Amy Seaman brilliantly captures what life in the bubble can be like and what awaits us on the other side. Through discussing her time away on a placement year, she offers an insight into the world of work and why St Andrews is known as ‘the bubble’.


It’s no secret that St Andrews is a bubble; a safe space where the concept of adulthood is taken with a sizable fistful of salt, where your closest friends are never more than a walk away, and responsibilities are what you make of them.

I am spending this year, not in the bubble of St Andrews, but based in Middlesbrough, Teesside, working for a multinational chemical company that specialises in polyester film. Dupont Teijin Films employs me to work full time under the supervision of one of their research scientists. I work mostly in analytics and reporting, so I spend the majority of my time in a lab, testing samples, and then at a computer typing up and compiling data. I also have University work to do towards my degree (Chemistry) in my out-of-work hours.

Next year I will return to St Andrews for my final year. One more year of life in the bubble before I move on to….whatever comes next (don’t ask, I still have no idea).

Safe to say this transition, and the prospect of my return have been eye opening in more ways than one, both in my own self awareness, and also of my wider perceptions about adult life.

I appreciate that my position is somewhat unique. The job has an expiration date, and feels very transient in many ways. This absence of the prospect of a “career” as such, is important to how I am treated in the office and my own perspective on it, but that doesn’t mean I, or my boss for that matter, don’t take what I am doing seriously.

labMy life now exists within an exceptionally rigid framework. I get up at the same time every day, leave the house at the same time, drive the same route to work, walk the same corridors to my desk, stop off for the same coffee from the same machine at the same time en route. I work for four hours and at the same time every day I have a half hour lunch break. I leave work at the same time, I drive the same route home, and arrive home with the same feeling of deja vu.  

If that sounds terrifying to you…it’s because it is. Compared to student life, it’s a world away, but that isn’t necessarily a bad thing. I have found my opinion on this has shifted very gradually over my time here.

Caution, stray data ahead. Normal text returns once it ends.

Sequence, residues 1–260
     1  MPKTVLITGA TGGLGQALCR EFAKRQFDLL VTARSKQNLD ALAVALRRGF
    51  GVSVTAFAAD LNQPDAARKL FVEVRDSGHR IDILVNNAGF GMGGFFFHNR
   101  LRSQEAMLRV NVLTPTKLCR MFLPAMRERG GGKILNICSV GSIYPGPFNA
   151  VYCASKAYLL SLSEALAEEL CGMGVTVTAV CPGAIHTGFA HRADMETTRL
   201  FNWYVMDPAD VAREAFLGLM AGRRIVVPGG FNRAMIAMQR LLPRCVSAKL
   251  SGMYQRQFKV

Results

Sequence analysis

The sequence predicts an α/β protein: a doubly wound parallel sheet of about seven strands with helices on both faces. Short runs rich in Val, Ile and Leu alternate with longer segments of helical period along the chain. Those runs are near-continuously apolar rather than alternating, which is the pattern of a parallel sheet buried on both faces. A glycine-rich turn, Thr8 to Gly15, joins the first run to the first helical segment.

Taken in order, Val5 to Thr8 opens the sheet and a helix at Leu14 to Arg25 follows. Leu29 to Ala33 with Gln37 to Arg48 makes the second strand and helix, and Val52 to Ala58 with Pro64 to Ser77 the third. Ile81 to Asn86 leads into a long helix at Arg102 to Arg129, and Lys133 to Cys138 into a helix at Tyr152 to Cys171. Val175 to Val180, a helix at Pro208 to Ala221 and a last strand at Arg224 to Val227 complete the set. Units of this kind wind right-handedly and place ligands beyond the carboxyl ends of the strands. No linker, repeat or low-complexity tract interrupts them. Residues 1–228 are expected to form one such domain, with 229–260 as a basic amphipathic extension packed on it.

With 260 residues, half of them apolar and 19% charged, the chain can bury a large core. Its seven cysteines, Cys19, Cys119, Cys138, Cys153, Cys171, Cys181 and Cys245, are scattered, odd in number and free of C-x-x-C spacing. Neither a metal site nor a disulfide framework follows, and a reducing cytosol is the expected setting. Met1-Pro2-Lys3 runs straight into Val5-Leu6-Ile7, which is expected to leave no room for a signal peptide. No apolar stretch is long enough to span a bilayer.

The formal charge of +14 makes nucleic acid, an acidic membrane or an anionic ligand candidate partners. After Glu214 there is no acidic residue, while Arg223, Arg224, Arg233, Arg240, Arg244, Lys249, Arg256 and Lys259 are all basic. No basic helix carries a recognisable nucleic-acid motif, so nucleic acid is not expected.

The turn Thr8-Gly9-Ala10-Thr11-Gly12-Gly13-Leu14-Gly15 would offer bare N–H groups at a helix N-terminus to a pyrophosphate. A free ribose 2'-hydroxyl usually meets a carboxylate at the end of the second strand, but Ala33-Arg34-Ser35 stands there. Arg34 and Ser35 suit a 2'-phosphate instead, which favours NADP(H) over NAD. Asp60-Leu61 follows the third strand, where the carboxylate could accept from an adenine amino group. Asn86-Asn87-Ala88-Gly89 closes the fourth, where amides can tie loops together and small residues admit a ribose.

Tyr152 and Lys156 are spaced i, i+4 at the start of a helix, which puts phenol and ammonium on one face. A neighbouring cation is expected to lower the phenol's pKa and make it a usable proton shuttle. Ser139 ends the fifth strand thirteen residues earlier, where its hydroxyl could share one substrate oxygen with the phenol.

For one, a rigid framework is very helpful for managing stress levels and daily tasks that, in student life, often get overlooked. My “daily dose of stress” begins at 8am and ends at 4pm, and outside of that I have time to myself. This means I am almost always on top of my housework, laundry, various errands… and that once I leave the office at the end of the day, I can leave all that stress behind.

In student life, so many spheres of stress overlap that it is difficult to dissociate various factors from one another and you end up with this low (or sometimes not so low) level of stress that permeates every hour of the day. Basic tasks get pushed to the bottom of your priority list in favour of social events and extracurricular activities, allowing everyone to muddle through in a state of barely controlled (although fun) chaos.

I believe that there is probably a happy medium between these two extremes, because I must admit that if it weren’t for being fortunate enough find a small social group outside of work through a local theatre, I would be going somewhat stir-crazy.

theatreSo all in all, I find myself far more relaxed, far more inclined to iron my bedsheets, but also far lonelier that I have been in the last couple of years. My saving grace has been social media, which has made staying in contact with friends, as well as seeing and supporting what they are up to, far easier than it would have been otherwise.  

Having said that, it does make for a slightly strange experience, as I have found myself simultaneously outside of the bubble, and within it; missing out on events I would love to be at, glad of the space from some of the drama, and checking the St Andrews yikyak in between meetings with potential customers for new polyester photovoltaic backsheets.

The bubble is so-called because it’s a highly insular, self-interested community. The spoiler I have for you is that everywhere, to a greater or lesser degree, is also a bubble. Everyone has a sphere of social awareness and social circles that can spans only so far. The difference with St Andrew’s is that everyone within those circle is, for the most part, remarkably similar. This is inevitable, and not a bad thing, but it does warp perceptions and experiences.

Out in the “real world” (and the air quotes here should be read with emphasis) although your bubble is still small and sometimes exhausting, the people you find within it are far more varied. This is refreshing, but for me this year (especially bearing in mind how everyone is highly aware I’m only here for a contracted period of time) also adds to my feeling of isolation, because I have found that on average I have far less in common with the majority of people around me, compared to when I’m in St Andrews.

I am exceptionally fortunate that I have friends who have been unendingly supportive this year in everything I am working on, putting in the extra effort to keep in contact and make sure I still feel included while I am hundreds of miles away.

I still have another six months of my “test run” of adult life left to go, and although I’m not looking forward to my lack of summer break, I’m so excited to return home to St Andrews next September and put off being a real adult for a while longer.

 

 

Amy Seaman

 

 

All images courtesy of Pixabay.